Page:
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How to Confidently Not Break Server Startup

Introducing Tilt CI

Does this story sound familiar?

You commit a change. You push it to CI. All tests pass. You merge. The change deploys to staging.

Then your Ops team notifies you that all the staging servers are down. But don’t worry, they’ve already reverted your change!


Oh, the war stories I could tell you about staging servers that failed to start. I remember one bug where the code assumed process IDs were pseudo-random, and of course each new server process would get a unique process ID. Or another where a Javascript bundler changed where the generated files lived in the prod builds. Or the struggles to adapt how each generation of compiled language invents a new way to package static resources.

But after years of failure, I’m optimistic.

Kubernetes is becoming a shared standard for running multi-service apps in prod. Lots of teams are getting Kubernetes into lots of different environments, including CI.

Does that mean we have the tools to test, in CI, that all the servers in our app can start?

Introducing tilt ci

To test our Kubernetes app in CI, we need two big pieces.

We need a new kind of build system that knows how to watch runtime and verify your server is healthy.

We need a way to spin up short-lived clusters from scratch.

We’re going to briefly walk you through each piece.

tilt ci Command

Tilt now has a new command: tilt ci.

If tilt up is for an interactive multi-service development environment, tilt ci is for testing that same environment in CI.

When you run tilt ci, Tilt will:

  1. Read your Tiltfile
  2. Build and push all the container images
  3. Deploy the servers
  4. Wait until the servers are healthy
  5. And exit on success!

If it encounters any unrecoverable errors, Tilt will quit immediately.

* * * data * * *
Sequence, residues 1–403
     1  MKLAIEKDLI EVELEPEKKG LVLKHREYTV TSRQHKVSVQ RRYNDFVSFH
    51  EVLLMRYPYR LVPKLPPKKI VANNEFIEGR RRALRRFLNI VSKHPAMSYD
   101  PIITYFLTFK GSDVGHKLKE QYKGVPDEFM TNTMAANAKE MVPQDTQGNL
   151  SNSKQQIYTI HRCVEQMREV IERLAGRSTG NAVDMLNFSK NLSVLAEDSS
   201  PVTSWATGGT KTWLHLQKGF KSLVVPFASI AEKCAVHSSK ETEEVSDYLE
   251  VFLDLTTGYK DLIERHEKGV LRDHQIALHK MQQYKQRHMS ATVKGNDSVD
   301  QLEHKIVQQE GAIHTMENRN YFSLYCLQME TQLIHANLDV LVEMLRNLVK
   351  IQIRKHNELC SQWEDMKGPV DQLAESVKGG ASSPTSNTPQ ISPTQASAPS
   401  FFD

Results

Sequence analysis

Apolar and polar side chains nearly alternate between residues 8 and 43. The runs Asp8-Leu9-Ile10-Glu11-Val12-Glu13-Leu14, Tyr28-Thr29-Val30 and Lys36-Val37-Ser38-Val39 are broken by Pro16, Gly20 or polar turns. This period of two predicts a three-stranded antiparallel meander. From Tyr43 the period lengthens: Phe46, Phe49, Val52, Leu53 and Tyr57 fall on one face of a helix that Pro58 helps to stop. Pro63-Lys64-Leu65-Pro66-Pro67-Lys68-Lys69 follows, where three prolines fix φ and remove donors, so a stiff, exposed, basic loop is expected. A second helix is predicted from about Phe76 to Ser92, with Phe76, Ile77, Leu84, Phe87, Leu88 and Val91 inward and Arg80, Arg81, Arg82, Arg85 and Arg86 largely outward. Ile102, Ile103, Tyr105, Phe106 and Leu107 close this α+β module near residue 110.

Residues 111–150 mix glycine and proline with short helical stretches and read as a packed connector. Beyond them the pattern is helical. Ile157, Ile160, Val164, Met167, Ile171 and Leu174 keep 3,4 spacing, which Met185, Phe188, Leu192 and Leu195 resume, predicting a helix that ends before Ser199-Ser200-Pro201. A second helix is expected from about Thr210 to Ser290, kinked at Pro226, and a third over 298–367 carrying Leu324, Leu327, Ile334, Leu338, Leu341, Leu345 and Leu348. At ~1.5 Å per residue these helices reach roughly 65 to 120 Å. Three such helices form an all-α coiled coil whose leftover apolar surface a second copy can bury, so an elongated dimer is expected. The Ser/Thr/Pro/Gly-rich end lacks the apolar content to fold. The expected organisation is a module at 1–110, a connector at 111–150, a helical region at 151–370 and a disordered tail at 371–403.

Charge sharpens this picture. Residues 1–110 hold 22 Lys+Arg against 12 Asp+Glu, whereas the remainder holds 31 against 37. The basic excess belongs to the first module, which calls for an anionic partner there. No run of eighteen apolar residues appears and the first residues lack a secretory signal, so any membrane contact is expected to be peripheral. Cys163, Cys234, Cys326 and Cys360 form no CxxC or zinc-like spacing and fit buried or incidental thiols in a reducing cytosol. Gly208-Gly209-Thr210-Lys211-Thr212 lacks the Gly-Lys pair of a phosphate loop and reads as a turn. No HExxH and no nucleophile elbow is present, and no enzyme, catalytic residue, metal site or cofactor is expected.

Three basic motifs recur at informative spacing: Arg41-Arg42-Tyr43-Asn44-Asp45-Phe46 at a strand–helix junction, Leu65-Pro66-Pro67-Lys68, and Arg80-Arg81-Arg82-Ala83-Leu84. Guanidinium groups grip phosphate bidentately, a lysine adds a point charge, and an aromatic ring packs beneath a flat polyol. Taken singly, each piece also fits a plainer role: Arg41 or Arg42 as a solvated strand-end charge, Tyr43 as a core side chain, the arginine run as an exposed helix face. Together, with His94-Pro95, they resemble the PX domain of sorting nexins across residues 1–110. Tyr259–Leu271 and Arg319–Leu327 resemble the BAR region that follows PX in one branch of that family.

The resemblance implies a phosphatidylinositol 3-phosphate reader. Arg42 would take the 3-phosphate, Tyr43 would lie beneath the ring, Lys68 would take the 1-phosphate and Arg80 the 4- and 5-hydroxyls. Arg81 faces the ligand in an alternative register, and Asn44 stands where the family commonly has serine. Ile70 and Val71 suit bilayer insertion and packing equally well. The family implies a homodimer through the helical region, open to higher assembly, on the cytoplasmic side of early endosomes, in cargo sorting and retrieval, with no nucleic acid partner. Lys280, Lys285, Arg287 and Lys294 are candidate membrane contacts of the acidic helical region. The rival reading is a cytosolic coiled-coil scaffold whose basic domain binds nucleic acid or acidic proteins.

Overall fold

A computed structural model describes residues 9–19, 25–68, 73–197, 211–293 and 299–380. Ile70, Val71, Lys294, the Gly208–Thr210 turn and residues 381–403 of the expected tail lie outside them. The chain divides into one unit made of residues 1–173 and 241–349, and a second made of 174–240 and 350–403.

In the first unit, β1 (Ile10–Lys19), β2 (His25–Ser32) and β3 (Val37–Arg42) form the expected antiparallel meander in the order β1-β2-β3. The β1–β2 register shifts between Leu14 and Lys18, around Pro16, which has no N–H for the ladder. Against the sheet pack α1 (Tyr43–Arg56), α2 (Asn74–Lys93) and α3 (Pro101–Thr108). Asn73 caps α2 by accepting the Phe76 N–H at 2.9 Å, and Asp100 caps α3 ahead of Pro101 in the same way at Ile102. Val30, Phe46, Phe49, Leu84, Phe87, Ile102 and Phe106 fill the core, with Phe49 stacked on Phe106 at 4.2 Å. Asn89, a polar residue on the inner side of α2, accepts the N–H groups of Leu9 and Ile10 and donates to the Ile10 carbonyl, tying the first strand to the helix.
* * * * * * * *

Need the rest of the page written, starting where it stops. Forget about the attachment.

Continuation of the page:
If you want to customize how Tilt defines “healthy”, Kubernetes lets you define readiness probes that let you provide your own definition.

And when you need checks beyond what you can express in readiness probes, use a local_resource with arbitrary commands to run against your server.

Ephemeral CI clusters

You can run tilt ci against any cluster, even a production one like AKS or GKE.

But for testing on CI, we recommend Kind.

When you start Kind with a local registry, you have an entirely self-contained cluster environment. No secret keys for a private container registry. No service accounts. No hosted inscrutable magic. Just you and your cluster.

For specific details on how to get a Kind cluster set up on your own CI environment, see:

See it in Action

tilt ci is available in Tilt v0.13.0 and higher.

We’re not just advocates for the local Kubernetes dev club. We’re also clients! 👨‍🦲

Every change in our repo creates a new Kind cluster and runs the latest build of Tilt against it.

We recently developed guides for servers written in:

All of them use tilt ci with a Kind cluster to test that the servers start up. With each Tilt release, we create a Tilt Docker image that contains Tilt and Kind for use in CI. Check out the guides if you need a working example!


Already have a Dockerfile and a Kubernetes config?

You’ll be able to setup Tilt in no time and start getting things done. Check out the docs! 

Having trouble developing your servers in Kubernetes?